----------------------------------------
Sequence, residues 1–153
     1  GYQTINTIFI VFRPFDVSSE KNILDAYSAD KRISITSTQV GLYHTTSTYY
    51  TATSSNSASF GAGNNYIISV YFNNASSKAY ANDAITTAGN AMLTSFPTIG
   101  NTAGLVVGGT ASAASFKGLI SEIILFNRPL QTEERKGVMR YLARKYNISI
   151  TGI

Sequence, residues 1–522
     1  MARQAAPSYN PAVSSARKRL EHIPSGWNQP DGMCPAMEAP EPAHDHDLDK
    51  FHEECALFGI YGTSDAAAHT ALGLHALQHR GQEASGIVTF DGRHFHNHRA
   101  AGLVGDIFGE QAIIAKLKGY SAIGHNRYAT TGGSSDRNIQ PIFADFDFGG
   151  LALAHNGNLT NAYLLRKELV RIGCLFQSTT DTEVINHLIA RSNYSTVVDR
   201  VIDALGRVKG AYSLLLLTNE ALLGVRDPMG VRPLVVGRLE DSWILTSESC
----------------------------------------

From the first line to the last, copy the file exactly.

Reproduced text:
Sequence, residues 1–153
     1  GYQTINTIFI VFRPFDVSSE KNILDAYSAD KRISITSTQV GLYHTTSTYY
    51  TATSSNSASF GAGNNYIISV YFNNASSKAY ANDAITTAGN AMLTSFPTIG
   101  NTAGLVVGGT ASAASFKGLI SEIILFNRPL QTEERKGVMR YLARKYNISI
   151  TGI

Sequence, residues 1–522
     1  MARQAAPSYN PAVSSARKRL EHIPSGWNQP DGMCPAMEAP EPAHDHDLDK
    51  FHEECALFGI YGTSDAAAHT ALGLHALQHR GQEASGIVTF DGRHFHNHRA
   101  AGLVGDIFGE QAIIAKLKGY SAIGHNRYAT TGGSSDRNIQ PIFADFDFGG
   151  LALAHNGNLT NAYLLRKELV RIGCLFQSTT DTEVINHLIA RSNYSTVVDR
   201  VIDALGRVKG AYSLLLLTNE ALLGVRDPMG VRPLVVGRLE DSWILTSESC